Stephen Gould Corp., 2023 WL 3551737 at *1 (quoting Regenicin, Inc. v. Lonza Walkersville, Inc., 997 F. Supp. 2d 1304, 1316 (N.D. Ga. 2014)). Based on Switzerland’s specific reservation in the Hague Convention, the courts in Regenicin and Stephen Gould Corp. each held that the documents being served had to be translated into German. And because Gould Corp. provided a German translation of its service of process documents, the court held that ENCorp. was properly served and entered a default judgment against ENCorp.
Why Did the Courts Choose German?
When Switzerland deposited its accession instruments to the Hague Convention, it reserved specific rules for translations of legal documents, including service of process. As the courts in Stephen Gould Corp. and Regenicin, Inc. stated, those rules provide that foreign process must be translated into “German, French or Italian . . . depending on the part of Switzerland in which the document is to be served.”
The “part[s] of Switzerland” referred to in the reservation quoted by the courts are the 26 different Central Authorities in each “canton” (meaning each State or region) that make up the Swiss Confederation. Each Central Authority in each canton designates one of the three required languages (German, French or Italian) as its “official language.”
The U.S. Embassy in Switzerland and Liechtenstein, provides a complete list of all 26 cantons in Switzerland. The list includes the location and addresses of each Central Authority and indicates which of the three languages each Central Authority has designated as its official language. List of cantonal central authorities for legal assistance in civil and commercial matters is available here. The official list indicates that the city of Zug, which is where ENCorp. is located, is the capital of the canton of Zug. And the official language designated for the canton of Zug is German.
The court in Stephen Gould Corp. correctly concluded that the documents in the case, therefore, had to be translated into German. However, the court’s statement that “[t]o effect service in Switzerland, documents must be in German,” is not accurate. What the court should have stated is that “to effect service in Zug, documents must be in German.” The court in Regenicin specifically stated: “To effect service in Basel, documents must be in German,” which is a correct and accurate holding. But let’s be clear—not every foreign document served in Switzerland must be translated into German to effectuate proper service. A document may have to be translated into French or Italian “depending on the [canton] of Switzerland in which the document is to be served.”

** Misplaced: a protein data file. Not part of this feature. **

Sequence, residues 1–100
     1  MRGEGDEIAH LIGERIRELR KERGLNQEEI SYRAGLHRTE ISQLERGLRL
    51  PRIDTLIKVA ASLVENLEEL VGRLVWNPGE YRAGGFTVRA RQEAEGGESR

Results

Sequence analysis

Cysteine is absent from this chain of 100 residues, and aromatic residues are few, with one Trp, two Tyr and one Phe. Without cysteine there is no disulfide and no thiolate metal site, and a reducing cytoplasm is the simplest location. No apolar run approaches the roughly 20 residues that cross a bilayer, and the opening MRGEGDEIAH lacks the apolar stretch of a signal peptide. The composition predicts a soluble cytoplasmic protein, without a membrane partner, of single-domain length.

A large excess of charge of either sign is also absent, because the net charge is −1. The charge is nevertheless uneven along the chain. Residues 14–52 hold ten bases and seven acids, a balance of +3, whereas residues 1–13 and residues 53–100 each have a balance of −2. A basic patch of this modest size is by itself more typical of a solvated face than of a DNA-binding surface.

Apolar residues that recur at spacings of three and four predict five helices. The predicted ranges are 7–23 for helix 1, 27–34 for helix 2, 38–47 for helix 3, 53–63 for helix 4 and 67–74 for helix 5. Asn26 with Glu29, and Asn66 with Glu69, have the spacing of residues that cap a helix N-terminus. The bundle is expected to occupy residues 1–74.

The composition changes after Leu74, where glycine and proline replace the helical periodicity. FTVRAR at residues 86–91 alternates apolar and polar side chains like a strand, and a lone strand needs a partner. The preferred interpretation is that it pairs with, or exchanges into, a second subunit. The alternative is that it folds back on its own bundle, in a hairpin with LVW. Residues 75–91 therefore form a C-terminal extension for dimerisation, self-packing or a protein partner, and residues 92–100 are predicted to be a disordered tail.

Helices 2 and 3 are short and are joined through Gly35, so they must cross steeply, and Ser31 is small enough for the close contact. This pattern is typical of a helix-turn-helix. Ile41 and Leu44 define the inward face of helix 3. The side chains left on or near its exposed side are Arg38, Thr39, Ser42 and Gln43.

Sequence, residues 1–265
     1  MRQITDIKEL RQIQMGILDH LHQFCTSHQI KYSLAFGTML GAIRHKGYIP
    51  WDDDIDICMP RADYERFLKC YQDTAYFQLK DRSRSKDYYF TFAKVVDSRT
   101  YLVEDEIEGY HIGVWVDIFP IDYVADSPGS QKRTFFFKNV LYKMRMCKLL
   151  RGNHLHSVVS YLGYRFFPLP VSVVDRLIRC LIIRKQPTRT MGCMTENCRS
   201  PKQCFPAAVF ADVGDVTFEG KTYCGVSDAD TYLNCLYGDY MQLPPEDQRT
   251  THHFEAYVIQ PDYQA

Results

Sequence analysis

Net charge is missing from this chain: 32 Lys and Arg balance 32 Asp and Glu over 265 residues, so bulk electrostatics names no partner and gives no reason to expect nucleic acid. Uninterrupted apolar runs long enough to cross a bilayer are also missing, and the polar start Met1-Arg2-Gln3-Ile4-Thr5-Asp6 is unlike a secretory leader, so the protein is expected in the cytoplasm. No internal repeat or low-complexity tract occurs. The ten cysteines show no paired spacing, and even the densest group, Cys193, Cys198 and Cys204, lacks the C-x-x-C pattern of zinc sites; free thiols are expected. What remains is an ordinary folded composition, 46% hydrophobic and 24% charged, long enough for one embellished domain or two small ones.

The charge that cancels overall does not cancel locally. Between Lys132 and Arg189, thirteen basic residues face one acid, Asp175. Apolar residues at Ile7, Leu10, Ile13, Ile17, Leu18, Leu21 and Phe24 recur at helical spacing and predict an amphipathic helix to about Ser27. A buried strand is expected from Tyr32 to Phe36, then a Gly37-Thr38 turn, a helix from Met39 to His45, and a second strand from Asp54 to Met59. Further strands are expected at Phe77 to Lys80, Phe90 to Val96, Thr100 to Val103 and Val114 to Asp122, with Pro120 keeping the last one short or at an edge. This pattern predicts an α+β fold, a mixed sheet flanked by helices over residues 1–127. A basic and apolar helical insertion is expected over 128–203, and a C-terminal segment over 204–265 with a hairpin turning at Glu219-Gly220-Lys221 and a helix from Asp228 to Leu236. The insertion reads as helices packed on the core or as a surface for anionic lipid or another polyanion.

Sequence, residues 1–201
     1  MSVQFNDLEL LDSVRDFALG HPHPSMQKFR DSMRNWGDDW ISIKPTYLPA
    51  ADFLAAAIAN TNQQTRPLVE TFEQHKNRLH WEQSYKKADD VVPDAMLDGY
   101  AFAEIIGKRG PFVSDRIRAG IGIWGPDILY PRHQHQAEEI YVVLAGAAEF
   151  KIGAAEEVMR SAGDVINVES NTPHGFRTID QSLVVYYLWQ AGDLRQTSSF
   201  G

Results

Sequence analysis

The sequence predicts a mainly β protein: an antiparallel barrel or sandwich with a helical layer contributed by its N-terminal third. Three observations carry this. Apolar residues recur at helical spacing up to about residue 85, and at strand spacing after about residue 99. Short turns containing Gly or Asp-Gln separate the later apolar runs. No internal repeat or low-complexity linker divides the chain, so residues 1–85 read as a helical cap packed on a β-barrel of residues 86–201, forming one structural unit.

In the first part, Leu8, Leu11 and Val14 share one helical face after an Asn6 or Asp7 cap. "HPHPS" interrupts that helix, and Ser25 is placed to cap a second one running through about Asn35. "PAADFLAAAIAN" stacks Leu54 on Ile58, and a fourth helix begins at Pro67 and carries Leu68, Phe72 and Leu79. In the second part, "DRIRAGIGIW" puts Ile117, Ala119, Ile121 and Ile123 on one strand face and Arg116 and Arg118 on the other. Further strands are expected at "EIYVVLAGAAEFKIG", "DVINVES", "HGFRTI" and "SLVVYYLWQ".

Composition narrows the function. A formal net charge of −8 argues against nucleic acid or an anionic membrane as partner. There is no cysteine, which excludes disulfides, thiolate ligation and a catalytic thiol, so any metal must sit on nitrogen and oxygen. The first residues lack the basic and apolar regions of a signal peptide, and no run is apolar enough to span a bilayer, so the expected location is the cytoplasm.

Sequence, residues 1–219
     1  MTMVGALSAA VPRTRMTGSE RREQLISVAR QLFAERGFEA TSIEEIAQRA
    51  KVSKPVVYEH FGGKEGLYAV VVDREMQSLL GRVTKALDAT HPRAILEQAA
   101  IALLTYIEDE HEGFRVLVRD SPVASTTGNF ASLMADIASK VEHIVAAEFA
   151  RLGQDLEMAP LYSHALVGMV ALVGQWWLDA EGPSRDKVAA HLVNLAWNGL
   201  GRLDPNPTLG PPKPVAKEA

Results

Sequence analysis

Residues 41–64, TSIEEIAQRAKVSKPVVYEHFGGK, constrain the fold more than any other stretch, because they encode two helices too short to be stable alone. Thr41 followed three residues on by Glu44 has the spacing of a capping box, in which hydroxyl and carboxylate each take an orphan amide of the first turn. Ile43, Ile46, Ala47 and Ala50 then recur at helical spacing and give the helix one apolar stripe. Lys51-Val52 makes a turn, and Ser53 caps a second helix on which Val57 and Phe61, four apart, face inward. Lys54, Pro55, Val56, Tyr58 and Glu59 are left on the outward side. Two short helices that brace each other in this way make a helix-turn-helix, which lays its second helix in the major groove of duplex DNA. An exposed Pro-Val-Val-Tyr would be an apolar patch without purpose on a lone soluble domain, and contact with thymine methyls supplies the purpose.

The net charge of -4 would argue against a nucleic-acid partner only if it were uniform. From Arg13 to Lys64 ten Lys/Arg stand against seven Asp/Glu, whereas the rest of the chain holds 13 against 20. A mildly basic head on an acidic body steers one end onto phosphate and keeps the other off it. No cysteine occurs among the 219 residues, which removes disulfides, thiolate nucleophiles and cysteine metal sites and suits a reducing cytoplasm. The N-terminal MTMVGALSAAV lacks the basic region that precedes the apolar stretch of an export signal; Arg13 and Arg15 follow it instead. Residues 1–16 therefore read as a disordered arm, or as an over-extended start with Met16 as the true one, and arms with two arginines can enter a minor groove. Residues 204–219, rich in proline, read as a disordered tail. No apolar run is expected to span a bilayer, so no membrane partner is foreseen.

Does Dialect Make a Difference?
According to the Federal Department of Foreign Affairs (FDFA), French is the official language of the western part of Switzerland and Italian is the official language in the south. German is designated as the official language of 17 of the 26 cantons in Switzerland. So, where you serve your process determines what language it must be translated into. Pretty simple, Right?
Consider that the German language most widely spoken in Switzerland, specifically, is Swiss German, according to Federal Department of Foreign Affairs.
Swiss German is not designated as an official language; rather, it is a collection of quite distinctive Alemmanic dialects. The FDFA recognizes that specific dialects can vary considerably from one canton to the next. “The Swiss German spoken in Basel is not the same as the Swiss German spoken in Zurich or Bern.” Likewise, the French and Italian languages widely spoken in Switzerland each have their distinctive dialects.
So, there is an important legal question to ask: Can different dialects of an official language within an individual canton make a difference in terms of whether a document served in Switzerland has been translated sufficiently? Could a court hold that a document translated into standard German, which is used for most formal, written communications in Switzerland, is not sufficient if served on a defendant who does not understand traditional German? Could the court in Stephen Gould Corp. have invalidated the service of process on ENCorp even though it was translated into German if the defendant could only fully understand Swiss High German?
Based on the plain language used in the Articles of the Hague Convention, the most likely legal answer is “No.” There is no specific language in the treaty that even suggests such a narrow construction or application of the service of process rules in Switzerland. Nor are there any state or federal appellate court opinions that apply the Hague Convention and draw distinctions between documents translated in the same language based on dialects. But that argument has not yet been made.
If Switzerland’s purpose in implementing a Central Authority system and specifying its service of process rules under the Hague is to account for differences in languages among the regions, should courts not also consider the differences in dialects within them? Support for such an argument would have to come from some evidence that the dialect used to translate the documents was so different from the dialect used by the recipient that he or she could not understand the content of the documents they were served.
Get in touch with the legal translation service All Language Alliance, Inc. to obtain certified translation of service of process English-language documents to German, French, Italian; with other Swiss translation services needs; and to request deposition interpreters for on-site depositions and Zoom depositions involving witnesses who speak Swiss German; Swiss French; Italian; French; German.